Constance Caraway P.I. ~ Episode 159

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Constance Caraway P.I. ~ Episode 159

 …Americans love the movies. Cold War Americans are fearful of communists. Movie Stars associate with communists. Connect the dots

Feeling frustration and fresh off another in a string of failed mischievous deeds, Pentateuch is pushing L. Dick Cannon into going public with his new Hollywood recruit, John Garfield. If Cannon get Garfield to join him on a publicity tour, Pentateuch is convinced they can offset anything that that damned Graham can put together.

Garfield has been blacklisted by the motion picture industry because of his alleged communist ties. His wife was a member of the Communist Party in the near past, but there is no real evidence that John himself had pledged allegiance to the group. But that does not matter to men like Wisconsin’s Joseph McCarthy, who choose to accuse huge numbers of American citizens with communist sympathy.

In the previous year the newsletter COUNTERATTACK published a report on the communist influence in radio and television. In the pamphlet Red Channels, the groundwork is laid for the blacklist, a toxic list of some 200 actors, writers and directors, following the original outing of the notorious Hollywood Ten of 1947.

This is an overt fearmongering campaign by anti-communist China and textile importer, Alfred Kohlberg. He has made it a simple equation: Americans love the movies. Cold War Americans are fearful of communists. Movie Stars associate with communists. Connect the dots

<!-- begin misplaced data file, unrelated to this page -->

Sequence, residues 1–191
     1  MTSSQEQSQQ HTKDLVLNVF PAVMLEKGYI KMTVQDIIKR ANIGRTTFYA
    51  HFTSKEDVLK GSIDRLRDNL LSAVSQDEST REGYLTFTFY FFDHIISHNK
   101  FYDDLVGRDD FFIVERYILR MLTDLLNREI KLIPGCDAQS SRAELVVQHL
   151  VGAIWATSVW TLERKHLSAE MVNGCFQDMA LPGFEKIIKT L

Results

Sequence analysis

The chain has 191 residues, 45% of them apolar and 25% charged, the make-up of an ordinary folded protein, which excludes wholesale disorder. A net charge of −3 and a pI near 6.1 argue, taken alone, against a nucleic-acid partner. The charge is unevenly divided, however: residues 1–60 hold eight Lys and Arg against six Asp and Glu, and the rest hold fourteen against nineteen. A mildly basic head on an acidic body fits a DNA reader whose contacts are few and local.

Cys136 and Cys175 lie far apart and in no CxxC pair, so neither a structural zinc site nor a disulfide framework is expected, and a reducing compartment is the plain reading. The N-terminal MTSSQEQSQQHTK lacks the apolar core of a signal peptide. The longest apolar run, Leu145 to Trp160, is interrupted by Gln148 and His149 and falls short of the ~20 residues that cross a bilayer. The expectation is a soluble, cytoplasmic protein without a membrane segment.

As a result of this ostracism, Garfield is ripe for the picking, with Spiritual Engineering giving him a liberal platform from which to operate. Never mind that he doesn’t really buy into as a religion. He can use it, just like it intends to use him.

But this blacklisting is a California thing and the only work he can get now is in New York on the stages of Broadway.

“I think I can get some of the other blacklisted people to join us. Most of them, probably like me, don’t have a clue about what diabetics is!”

“It is called Dianetics and its foundational principle is that all living creatures are trying to survive. Using the methods of Dianetics, I can get the human brain to cast off the negative thoughts that hold them back.”

“Well irregardless, we only want to tell our side of the story.”

“That would be ‘regardless’ and all we want to do is have you show us your public support.”

“Whatever… what’s with this we stuff, who is we?” Garfield is from Manhattan’s rough & tumble Lower East Side.